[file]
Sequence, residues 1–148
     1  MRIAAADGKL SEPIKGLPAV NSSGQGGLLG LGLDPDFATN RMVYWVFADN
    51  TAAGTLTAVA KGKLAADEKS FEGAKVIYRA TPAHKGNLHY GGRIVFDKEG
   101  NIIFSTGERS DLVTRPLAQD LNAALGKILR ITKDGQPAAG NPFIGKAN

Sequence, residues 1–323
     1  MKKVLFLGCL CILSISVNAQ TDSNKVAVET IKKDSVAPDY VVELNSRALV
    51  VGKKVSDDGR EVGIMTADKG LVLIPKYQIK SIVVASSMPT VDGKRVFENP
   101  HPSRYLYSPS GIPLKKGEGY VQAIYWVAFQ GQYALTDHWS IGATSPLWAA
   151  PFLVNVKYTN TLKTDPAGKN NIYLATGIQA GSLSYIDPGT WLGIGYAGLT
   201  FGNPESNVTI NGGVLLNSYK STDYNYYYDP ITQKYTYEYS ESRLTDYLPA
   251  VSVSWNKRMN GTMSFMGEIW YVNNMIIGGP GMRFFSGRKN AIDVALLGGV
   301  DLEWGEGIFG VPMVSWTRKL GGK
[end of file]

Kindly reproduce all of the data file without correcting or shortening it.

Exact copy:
Sequence, residues 1–148
     1  MRIAAADGKL SEPIKGLPAV NSSGQGGLLG LGLDPDFATN RMVYWVFADN
    51  TAAGTLTAVA KGKLAADEKS FEGAKVIYRA TPAHKGNLHY GGRIVFDKEG
   101  NIIFSTGERS DLVTRPLAQD LNAALGKILR ITKDGQPAAG NPFIGKAN

Sequence, residues 1–323
     1  MKKVLFLGCL CILSISVNAQ TDSNKVAVET IKKDSVAPDY VVELNSRALV
    51  VGKKVSDDGR EVGIMTADKG LVLIPKYQIK SIVVASSMPT VDGKRVFENP
   101  HPSRYLYSPS GIPLKKGEGY VQAIYWVAFQ GQYALTDHWS IGATSPLWAA
   151  PFLVNVKYTN TLKTDPAGKN NIYLATGIQA GSLSYIDPGT WLGIGYAGLT
   201  FGNPESNVTI NGGVLLNSYK STDYNYYYDP ITQKYTYEYS ESRLTDYLPA
   251  VSVSWNKRMN GTMSFMGEIW YVNNMIIGGP GMRFFSGRKN AIDVALLGGV
   301  DLEWGEGIFG VPMVSWTRKL GGK